The Real Reason The Rolling Stones Had To Replace This Cover Art

Rock 'n' roll music is no stranger to controversy. If it doesn't make frequent appearances on somebody's black list, can it really even be considered rock 'n' roll at all?

The Rolling Stones have been one of the most colossal and celebrated musical forces in all of history. Their trademark fusion of British pop, American blues, soul, and country has defined a special realm of rock music for over half a century. With 240 million album sales (via Forbes) and over 2,000 concerts performed worldwide since their conception in 1962 (per We-Buy-Beatles), there's no question that the Stones reign supreme. However, even kings have to answer to somebody.

In the early days, there was one album cover that raised enough pulses to call for significant creative restructuring. No, it wasn't the infamous crotch shot that was the face of "Sticky Fingers" — it was the up close depiction of a toilet on the cover of "Beggar's Banquet" (via Rolling Stone).

Paint it white

In 1968, the Rolling Stones released "Banquet" through Decca records (via Stones on DECCA). Evidently, the album art depicting a public bathroom wall plastered with graffiti behind a gaping toilet seat was too much for the company's sense of propriety. They insisted that the band flush the original idea and change it to something more appropriate because images of toilets were considered somewhat taboo at the time. Ultimately, they settled on a simple white face for the album, but not without some resistance from the group (per Rolling Stone).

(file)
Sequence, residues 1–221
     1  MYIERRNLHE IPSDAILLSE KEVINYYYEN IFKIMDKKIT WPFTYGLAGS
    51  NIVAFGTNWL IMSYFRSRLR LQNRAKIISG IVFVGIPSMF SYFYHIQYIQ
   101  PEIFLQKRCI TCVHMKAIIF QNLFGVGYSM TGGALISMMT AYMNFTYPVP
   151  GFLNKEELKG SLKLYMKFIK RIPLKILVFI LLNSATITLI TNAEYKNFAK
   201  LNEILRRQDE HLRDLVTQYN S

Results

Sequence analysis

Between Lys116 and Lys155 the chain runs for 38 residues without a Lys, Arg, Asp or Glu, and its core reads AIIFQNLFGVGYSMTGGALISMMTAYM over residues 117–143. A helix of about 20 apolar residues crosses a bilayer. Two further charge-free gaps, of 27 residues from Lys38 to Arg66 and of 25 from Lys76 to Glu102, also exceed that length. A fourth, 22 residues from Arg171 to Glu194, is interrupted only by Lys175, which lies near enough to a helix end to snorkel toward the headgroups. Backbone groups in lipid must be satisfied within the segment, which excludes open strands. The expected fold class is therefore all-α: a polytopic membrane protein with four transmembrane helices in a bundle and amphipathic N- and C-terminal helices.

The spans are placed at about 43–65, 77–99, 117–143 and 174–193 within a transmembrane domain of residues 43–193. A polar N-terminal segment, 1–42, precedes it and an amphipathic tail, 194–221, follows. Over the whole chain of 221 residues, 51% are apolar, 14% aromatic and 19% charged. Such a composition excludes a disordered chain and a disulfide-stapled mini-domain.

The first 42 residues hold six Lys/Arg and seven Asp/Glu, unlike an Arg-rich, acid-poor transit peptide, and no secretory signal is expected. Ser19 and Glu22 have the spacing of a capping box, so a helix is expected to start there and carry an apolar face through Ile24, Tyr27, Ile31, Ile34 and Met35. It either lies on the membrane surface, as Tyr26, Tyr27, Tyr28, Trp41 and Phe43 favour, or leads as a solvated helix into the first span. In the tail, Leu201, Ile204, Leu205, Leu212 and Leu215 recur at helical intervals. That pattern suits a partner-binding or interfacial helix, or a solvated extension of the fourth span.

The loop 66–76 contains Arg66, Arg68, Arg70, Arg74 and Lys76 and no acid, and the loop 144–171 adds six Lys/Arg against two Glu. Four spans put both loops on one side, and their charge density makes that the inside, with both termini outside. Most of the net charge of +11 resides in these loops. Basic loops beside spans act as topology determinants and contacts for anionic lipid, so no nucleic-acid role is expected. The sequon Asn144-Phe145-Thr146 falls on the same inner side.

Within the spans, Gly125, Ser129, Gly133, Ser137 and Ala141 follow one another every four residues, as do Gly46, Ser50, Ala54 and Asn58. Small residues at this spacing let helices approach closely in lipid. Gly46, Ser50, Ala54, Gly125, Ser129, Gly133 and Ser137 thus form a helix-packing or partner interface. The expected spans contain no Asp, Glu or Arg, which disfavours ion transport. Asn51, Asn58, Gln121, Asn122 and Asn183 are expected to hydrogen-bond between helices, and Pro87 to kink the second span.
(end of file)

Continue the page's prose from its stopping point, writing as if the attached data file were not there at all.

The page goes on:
Mick Jagger had some words that didn't go unheard. "We really have tried to keep the album within the bounds of good taste. I mean, we haven't shown the whole lavatory. That would have been rude. We've only shown the top half. Two people at the record company have told us that the sleeve is terribly offensive. We'll get this album distributed somehow, even if I have to go down the end of Greek Street and Carlisle Street at two o'clock on Saturday morning and sell them myself," Jagger reportedly said, according to Far Out.

Still, beggars can't be choosers. The band conceded to a more "appropriate" image for the time being, and the original art wasn't released until the '80s (via Rolling Stone).